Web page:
I noticed Dr. H. Steven Moffic, MD had written another article in Psychiatric Times asking whether it’s time for psychiatrists to consider going on strike. Often the issue triggering discussions about this is the rising prevalence of physician burnout. I’ve already given my personal opinion about physicians going on strike and the short answer is “no.”
One of my colleagues, Dr. Michael Flaum, MD, recently delivered a Grand Rounds presentation about physician burnout. The title is “Everyone Wins—The Link Between Real Patient-Centered Care and Clinician Well-Being.”
Fortunately, I and other are able to hear the substance of his talk on the forum Rounding@Iowa. During these recorded presentations (for which CME can be obtained), Dr. Gerry Clancy, MD interviews clinicians on topics that are of special interest to medical professionals, but which can be educational for general listeners as well.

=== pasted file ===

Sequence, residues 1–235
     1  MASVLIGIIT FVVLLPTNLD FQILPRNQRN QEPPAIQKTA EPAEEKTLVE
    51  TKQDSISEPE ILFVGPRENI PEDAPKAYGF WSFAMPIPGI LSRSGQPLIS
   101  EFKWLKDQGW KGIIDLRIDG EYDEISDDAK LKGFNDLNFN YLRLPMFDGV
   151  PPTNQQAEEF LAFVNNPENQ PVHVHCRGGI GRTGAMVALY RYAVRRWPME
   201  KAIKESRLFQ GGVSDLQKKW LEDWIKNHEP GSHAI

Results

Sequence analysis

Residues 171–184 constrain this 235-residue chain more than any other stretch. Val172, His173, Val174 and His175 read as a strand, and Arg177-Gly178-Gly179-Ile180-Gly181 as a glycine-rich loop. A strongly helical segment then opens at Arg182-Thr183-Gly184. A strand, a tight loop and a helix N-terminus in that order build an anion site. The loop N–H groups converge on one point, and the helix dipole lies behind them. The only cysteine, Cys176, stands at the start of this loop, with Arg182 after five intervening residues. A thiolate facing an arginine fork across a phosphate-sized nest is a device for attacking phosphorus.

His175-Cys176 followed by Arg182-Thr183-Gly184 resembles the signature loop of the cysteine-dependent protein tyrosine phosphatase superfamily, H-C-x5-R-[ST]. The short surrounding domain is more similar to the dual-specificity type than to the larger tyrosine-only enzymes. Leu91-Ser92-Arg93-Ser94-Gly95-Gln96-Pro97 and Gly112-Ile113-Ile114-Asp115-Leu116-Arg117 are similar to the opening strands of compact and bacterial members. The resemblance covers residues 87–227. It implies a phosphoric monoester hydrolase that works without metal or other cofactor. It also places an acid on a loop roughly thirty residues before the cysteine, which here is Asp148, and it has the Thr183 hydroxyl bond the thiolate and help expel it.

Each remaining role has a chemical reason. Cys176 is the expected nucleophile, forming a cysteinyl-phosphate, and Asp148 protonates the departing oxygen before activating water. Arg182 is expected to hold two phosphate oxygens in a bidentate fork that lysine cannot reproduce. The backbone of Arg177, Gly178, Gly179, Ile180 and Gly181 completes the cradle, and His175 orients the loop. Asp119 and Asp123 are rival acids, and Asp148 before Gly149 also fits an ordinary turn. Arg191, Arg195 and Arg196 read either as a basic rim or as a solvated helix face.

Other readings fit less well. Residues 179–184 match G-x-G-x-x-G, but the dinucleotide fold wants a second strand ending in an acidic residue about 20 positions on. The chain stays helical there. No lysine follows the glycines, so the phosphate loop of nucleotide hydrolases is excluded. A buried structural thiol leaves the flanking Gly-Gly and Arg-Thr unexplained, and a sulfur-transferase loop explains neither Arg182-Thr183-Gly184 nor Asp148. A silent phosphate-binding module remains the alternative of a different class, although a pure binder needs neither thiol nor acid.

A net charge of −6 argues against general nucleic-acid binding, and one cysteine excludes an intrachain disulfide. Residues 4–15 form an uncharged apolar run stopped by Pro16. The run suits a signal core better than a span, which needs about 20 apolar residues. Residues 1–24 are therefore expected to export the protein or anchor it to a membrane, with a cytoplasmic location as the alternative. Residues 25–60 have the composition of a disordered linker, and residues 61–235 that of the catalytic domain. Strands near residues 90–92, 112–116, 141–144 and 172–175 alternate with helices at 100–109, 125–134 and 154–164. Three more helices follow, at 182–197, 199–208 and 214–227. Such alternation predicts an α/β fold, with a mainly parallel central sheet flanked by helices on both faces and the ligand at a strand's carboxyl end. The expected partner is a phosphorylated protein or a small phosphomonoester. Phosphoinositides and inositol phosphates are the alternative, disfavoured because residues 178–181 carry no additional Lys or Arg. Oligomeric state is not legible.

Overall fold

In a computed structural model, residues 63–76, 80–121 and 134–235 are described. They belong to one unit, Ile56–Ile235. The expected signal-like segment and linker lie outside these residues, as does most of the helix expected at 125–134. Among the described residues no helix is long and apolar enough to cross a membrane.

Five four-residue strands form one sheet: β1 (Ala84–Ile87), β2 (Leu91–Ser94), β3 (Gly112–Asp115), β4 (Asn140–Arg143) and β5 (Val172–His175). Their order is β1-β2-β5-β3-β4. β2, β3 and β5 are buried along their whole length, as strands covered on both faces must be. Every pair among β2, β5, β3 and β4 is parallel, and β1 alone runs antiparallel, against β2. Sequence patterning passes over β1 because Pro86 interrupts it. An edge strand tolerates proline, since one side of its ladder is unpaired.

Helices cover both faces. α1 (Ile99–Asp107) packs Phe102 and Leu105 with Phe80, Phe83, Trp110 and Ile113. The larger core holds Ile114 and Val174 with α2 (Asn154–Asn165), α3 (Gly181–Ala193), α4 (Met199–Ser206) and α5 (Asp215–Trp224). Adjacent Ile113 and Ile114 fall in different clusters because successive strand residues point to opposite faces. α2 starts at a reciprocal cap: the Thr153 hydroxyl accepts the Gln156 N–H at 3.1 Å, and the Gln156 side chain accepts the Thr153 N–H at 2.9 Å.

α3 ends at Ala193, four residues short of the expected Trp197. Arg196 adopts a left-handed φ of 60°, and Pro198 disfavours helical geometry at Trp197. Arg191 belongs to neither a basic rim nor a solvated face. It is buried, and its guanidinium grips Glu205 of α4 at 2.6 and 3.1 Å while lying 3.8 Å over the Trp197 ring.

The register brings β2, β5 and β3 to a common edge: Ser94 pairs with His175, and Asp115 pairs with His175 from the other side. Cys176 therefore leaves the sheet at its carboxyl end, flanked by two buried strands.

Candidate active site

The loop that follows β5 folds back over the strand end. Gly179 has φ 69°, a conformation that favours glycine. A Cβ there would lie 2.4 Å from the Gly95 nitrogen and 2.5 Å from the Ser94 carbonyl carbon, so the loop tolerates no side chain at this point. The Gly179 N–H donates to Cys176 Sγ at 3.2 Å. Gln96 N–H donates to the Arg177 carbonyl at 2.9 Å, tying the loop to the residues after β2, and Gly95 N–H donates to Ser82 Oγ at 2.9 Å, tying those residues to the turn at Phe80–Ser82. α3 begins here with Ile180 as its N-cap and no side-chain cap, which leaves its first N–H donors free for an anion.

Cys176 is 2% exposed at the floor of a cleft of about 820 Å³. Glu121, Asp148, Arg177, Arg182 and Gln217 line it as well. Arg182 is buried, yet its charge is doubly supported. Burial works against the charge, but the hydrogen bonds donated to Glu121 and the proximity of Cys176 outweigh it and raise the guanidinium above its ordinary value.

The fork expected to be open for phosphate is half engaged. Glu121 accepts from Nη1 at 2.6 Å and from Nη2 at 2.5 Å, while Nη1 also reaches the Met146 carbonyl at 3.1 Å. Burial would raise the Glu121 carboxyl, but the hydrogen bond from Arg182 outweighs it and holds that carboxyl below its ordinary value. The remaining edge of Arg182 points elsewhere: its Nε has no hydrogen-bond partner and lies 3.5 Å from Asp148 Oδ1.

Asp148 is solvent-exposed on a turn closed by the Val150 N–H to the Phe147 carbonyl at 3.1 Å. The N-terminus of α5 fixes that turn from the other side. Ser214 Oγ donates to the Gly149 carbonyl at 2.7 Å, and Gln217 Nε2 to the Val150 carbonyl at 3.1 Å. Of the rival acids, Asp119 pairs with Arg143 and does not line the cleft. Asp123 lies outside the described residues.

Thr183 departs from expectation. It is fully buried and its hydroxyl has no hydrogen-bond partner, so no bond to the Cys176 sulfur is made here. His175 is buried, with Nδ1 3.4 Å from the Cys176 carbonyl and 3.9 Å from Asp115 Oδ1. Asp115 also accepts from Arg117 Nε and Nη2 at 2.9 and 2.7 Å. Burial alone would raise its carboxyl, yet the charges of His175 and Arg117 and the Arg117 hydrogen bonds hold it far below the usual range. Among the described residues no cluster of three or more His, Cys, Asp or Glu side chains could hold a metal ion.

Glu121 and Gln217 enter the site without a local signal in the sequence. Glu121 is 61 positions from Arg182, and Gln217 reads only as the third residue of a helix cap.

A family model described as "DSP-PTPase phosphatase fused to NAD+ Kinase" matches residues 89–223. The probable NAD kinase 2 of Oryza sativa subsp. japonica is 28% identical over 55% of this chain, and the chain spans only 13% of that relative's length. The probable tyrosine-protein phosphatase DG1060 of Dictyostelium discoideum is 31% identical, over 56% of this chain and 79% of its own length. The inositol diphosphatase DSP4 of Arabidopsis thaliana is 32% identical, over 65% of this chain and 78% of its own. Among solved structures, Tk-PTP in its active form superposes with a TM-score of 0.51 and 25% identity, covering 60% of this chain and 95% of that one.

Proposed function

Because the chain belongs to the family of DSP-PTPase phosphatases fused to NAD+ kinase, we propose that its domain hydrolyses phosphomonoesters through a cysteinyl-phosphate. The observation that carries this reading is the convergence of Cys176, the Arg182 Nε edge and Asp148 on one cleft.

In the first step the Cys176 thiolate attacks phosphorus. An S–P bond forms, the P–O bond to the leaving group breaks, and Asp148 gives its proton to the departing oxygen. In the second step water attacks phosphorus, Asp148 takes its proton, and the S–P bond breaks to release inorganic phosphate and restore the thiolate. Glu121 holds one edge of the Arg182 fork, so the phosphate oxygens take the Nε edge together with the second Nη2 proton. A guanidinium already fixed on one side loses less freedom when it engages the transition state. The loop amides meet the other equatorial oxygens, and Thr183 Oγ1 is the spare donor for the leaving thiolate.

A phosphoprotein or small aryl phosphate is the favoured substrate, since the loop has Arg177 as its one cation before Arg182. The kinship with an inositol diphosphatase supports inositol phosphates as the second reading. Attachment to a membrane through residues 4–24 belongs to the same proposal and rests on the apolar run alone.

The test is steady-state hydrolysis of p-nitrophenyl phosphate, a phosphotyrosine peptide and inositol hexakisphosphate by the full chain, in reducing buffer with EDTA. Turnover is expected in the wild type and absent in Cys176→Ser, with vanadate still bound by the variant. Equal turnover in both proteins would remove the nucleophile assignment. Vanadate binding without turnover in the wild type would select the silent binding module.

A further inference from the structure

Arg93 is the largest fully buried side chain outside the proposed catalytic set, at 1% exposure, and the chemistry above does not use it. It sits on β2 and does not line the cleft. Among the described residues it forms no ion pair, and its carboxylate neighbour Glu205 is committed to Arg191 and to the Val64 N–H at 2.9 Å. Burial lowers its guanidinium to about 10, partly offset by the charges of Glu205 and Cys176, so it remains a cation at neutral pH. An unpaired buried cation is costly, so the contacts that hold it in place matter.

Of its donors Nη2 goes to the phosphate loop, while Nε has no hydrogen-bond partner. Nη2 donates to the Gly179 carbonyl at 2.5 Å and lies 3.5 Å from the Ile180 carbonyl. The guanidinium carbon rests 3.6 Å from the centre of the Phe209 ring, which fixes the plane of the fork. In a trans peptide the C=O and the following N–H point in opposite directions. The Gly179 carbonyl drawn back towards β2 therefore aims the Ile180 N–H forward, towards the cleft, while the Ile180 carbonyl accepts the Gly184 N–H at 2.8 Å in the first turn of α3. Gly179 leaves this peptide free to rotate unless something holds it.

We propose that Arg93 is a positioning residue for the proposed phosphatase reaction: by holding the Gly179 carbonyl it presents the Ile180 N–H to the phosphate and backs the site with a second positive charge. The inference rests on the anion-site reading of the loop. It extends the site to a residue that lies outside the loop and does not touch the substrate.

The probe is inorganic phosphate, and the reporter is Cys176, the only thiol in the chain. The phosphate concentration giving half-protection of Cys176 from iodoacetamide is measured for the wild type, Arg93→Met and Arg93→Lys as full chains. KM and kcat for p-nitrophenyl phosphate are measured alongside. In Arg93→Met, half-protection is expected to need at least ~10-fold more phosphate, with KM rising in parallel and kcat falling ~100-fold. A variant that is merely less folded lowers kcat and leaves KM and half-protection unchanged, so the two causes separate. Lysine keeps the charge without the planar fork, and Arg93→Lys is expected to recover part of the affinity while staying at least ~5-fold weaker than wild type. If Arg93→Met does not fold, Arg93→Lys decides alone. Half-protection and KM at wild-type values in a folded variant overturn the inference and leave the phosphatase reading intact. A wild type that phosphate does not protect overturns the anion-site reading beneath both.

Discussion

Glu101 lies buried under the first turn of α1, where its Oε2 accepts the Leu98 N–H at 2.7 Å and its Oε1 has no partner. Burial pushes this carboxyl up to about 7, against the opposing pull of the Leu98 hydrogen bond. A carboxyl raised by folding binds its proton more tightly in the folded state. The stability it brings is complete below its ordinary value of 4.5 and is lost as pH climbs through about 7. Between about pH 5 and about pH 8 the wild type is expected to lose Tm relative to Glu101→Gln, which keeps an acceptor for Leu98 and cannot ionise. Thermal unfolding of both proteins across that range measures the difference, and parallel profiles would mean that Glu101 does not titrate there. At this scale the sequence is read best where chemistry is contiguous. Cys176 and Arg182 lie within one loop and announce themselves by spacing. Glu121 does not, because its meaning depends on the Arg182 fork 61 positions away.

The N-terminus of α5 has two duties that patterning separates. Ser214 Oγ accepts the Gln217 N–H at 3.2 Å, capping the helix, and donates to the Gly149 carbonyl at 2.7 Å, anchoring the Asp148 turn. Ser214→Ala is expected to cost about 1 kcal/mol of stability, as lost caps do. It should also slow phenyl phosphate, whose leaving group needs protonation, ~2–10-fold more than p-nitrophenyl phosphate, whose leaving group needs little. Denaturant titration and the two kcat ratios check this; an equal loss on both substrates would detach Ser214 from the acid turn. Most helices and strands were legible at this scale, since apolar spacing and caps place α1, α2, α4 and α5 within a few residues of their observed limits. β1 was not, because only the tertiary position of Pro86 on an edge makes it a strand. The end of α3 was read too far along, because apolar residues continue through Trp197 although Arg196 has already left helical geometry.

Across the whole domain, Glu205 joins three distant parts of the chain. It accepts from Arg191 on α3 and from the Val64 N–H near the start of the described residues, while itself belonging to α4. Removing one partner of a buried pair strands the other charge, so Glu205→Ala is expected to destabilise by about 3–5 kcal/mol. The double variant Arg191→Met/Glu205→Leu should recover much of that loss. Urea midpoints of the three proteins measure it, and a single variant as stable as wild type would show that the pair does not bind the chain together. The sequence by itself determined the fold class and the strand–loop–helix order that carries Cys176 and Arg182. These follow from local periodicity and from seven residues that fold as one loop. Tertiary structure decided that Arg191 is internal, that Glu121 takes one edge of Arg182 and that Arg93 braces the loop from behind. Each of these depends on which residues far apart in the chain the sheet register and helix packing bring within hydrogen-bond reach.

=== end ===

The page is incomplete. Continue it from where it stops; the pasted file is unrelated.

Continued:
I remember meeting Dr. Flaum when I was a medical student. At the time, he was very involved in schizophrenia research. He’s been a very busy clinician ever since. As he says, while he may be Professor Emeritus now, he’s definitely not “retired.” He’s still very active clinically.
Dr. Flaum identifies both systems challenges and physician characteristics as important in the physician burnout issue. Interestingly, he bluntly calls the systems challenges as virtually unchangeable and focuses on bolstering the physician response to the system as the main controllable factor. His main tool is Motivational Interviewing, which is more of an interview style than a separate kind of psychotherapy.
I think the kind of approach that Dr. Flaum recommends, which you can hear about in the Rounding@Iowa presentation, is what most psychiatrists would prefer rather than going on strike. See what you think.